When driving along a road in an agricultural area or viewing the mosaic of farmland from the sky, you may have noticed drainage channels — canals that form a crisscross of lines through farm fields and alongside roads. The channels are part of a complex system that helps move runoff and excess water from one area to another and can help manage water flow (for example, preventing floods). Drainage channels are often found in agricultural areas because they can be used to manage water supplies and improve farming production.
The main type of drainage ditch in use throughout Michigan is referred to as a conventional trapezoidal drain. While drainage ditches like this may seem like an relatively minor or local issue, the type of drains used affect water quality in our streams and rivers and eventually the Great Lakes.
Trapezoidal drains are highly efficient at providing drainage and moving flood flows — but they also have a high risk of failure, require more maintenance, and contribute to several other problems related to water quality.
For example, traditional trapezoidal channels can result in:
- Bank erosion and build up of sediment
- Reduction in property values, if not maintained properly
- Degraded habitat
- Warmer water temperatures, increased turbidity (cloudiness) and lower oxygen levels
- More pollutants moving downstream because they do not assimilate pollutants naturally like a stream does
Channel design that mimics self-sustaining, natural systems — multi-stage or open channel design, for instance — has been shown to improve long-term drain stability and water quality. However, drain design can be a contentious issue. While some support adopting different drain designs to improve stability and water quality, others are opposed to the idea because different types of drains may require more land and more right of way access in prime agricultural areas. Executing proper drain design and construction can also be a barrier when training resources and local knowledge is lacking.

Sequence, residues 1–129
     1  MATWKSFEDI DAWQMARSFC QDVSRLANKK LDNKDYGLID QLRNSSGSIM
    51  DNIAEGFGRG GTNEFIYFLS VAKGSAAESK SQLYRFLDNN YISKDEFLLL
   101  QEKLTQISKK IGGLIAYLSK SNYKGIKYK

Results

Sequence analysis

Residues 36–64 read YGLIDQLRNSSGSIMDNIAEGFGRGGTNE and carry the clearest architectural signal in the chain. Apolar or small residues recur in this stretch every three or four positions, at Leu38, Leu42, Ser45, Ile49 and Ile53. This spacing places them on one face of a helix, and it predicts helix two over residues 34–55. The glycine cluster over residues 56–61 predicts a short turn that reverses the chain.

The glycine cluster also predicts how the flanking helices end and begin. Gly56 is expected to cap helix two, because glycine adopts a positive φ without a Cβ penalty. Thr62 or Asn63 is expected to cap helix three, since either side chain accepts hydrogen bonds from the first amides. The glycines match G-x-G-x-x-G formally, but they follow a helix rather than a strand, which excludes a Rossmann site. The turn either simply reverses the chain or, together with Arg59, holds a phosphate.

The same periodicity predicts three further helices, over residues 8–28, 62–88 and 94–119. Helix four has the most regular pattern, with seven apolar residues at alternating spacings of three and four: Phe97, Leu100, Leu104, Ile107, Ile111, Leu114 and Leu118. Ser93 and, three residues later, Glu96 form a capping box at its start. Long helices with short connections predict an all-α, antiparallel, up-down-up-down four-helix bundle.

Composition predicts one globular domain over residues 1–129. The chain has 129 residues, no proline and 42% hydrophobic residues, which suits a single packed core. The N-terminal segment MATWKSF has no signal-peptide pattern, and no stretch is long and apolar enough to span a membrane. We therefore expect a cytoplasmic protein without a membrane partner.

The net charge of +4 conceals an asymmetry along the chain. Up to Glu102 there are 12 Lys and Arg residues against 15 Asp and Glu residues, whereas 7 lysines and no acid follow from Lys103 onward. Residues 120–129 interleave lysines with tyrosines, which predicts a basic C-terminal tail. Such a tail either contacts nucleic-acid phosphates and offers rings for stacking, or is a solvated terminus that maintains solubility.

About the Project
Core Research Question
By bringing together stakeholders from public, private and non-governmental sectors, can the principles of multi-stage open channel design — a more resilient, natural approach to drainage — be successfully integrated into existing county drain programs and policies?
This Integrated Assessment will examine how multi-stage channel design — a type of drainage that mimics self-sustaining, natural systems and has been shown to improve long-term drain stability and water quality — could be applied in Michigan. The project will focus on the Middle Branch and North Branch of the Clinton River in Macomb County. Macomb County has already developed the first open channel design criteria (standards for planning, installation and maintenance) in Michigan, that incorporates a multi-staged design approach to more closely resemble a natural system.
The research team will develop design guidelines, create practical tools and build partnerships to help people better address county drain design. Researchers will work closely with stakeholders to examine the issue from many perspectives, identify challenges and evaluate feasible solutions. By soliciting stakeholder input, the tools will be understood and as practical as possible. All guidance and tools developed will be accessible online.
The research team will also evaluate other options for channel design that may be more appropriate for local soil and geologic and hydrologic conditions. The team will compile and summarize the relevant data and studies of existing two-stage channels, including a cost-benefit analysis of conventional and more natural ditch designs.
At the end of the project, the research team will provide a technical basis for adopting sustainable channel design criteria. The team will create a set of tools based on stakeholder input such as review guidelines and planning checklists specifically for county staff in order to expedite the review process for designs that incorporate best practices.
To learn more about this project or why drain design is considered a “wicked problem,” see the project Fact Sheet (PDF).